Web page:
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Tales of linen Sally’s been dying to share

I have been writing about linen, trying to create a new love for a wrinkled subject.  Let’s iron out the problems with linen.  After processing and weaving linen, it needs to be dyed.  There are a number of methods of dyeing linen.  It can be yarn dyed, in which the yarn is dyed before weaving, or piece dyed, in which the woven fabric is dyed.  Linen is always opened to its full width during dyeing and finishing.

Jigg-dyeing is a method of dyeing in which a roll of fabric is mounted on a type of dyeing machine called a jigg. The fabric is then run through a dye bath and wound up onto a second roll.  The process is repeated with the fabric wound back and forth, until the proper depth of color is achieved.  (When you have a “jigg” and a “roll”, you have “rock and roll.”)  Now this is a great reason to love linen.

Union dyeing is a method of dyeing used with fabric that contains fibers with different dyeing affinities.  To produce a homogenous color, each fiber will require the use of a number of dyes.

Now we have processed, woven and dyed the linen.  Last but not least is treating the fabric and finishing the fabric.  Linen goes through a series of finishing treatments, resulting in fabrics that are more lustrous, softer, and crease resistant than ever before.  (yes, you heard it here).  Given its propensity of wrinkling, crease resistance has long been a goal of linen manufacturers, so resins are often baked onto fabrics, creating chemical bonds that make the fabric more resistant to wrinkling.  Among the new finishes are enzyme washes, applied to the yarn or the fabric, to give a softer hand and reduce wrinkling.  There are also new formaldehyde-free resins, applied for the same reason. (The good news is we wear linen, we don’t eat it).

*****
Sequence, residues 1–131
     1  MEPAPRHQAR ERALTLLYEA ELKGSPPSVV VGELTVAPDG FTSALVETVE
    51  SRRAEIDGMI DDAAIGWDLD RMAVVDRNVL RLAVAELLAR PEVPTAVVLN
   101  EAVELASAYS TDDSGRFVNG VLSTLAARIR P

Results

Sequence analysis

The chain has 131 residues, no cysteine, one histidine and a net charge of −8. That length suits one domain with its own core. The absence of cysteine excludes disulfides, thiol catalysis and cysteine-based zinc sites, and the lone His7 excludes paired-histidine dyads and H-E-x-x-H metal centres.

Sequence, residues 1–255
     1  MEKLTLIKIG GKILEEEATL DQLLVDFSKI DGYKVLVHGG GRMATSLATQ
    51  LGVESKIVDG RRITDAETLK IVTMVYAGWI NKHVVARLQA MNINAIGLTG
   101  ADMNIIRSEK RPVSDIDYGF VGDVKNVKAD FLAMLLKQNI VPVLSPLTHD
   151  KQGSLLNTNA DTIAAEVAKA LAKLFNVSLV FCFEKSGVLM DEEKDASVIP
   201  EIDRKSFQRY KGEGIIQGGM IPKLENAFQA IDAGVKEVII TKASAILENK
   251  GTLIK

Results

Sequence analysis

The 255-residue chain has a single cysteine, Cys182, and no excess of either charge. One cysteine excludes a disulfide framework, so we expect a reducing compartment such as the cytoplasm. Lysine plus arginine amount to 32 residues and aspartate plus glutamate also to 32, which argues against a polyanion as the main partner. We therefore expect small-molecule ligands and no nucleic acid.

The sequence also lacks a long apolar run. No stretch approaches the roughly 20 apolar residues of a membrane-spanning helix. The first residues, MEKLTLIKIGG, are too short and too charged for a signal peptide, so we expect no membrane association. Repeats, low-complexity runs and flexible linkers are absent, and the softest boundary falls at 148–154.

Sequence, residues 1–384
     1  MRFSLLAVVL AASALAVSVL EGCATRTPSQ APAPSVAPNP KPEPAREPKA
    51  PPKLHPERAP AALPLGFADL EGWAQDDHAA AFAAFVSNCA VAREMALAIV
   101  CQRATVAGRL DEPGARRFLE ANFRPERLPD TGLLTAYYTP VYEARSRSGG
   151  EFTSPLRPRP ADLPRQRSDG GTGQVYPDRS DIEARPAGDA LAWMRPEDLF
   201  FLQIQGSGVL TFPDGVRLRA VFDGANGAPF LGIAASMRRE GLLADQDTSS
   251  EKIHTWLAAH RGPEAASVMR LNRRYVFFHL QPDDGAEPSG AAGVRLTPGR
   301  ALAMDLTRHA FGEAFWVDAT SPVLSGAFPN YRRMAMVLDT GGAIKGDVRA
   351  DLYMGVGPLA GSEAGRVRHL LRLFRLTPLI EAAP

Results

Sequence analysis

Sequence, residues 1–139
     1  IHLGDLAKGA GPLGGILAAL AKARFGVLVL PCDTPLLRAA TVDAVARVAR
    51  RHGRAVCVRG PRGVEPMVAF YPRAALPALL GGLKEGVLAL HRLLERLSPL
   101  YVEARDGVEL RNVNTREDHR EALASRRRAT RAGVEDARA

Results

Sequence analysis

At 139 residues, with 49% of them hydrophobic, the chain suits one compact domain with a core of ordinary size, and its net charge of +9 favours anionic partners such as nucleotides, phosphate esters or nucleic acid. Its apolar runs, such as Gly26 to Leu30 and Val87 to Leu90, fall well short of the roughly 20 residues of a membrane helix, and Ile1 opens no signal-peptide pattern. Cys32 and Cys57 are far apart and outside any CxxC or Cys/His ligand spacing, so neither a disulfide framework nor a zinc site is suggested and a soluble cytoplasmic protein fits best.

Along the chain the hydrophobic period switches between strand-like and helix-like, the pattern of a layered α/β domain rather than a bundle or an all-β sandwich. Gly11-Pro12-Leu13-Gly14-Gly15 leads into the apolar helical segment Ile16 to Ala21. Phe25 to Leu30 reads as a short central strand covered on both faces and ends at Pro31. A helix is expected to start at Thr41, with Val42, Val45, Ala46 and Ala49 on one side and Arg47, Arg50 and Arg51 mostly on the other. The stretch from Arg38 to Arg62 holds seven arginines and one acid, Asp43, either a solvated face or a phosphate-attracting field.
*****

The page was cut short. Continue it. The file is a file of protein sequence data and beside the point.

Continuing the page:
When all is said and done, the linen should feel cool and smooth to the touch, the fabric should be lustrous, it should not feel brittle, and when held up to the ligh, the dye should be evenly distributed throughout the fabric.

I hope all this information helps you have a new appreciation for linen.


About Sally Cowan (51 Articles)
After Keeping You in Stitches for over 45 years, Sally enjoys her memories of events that happened on her way to retirement. Author of 6 books, lectures, teaching, and TV host on PBS and now has time for her many cats and Snuggles, the dog. She also loves playing trumpet in the Anastasia Baptist Church orchestra.

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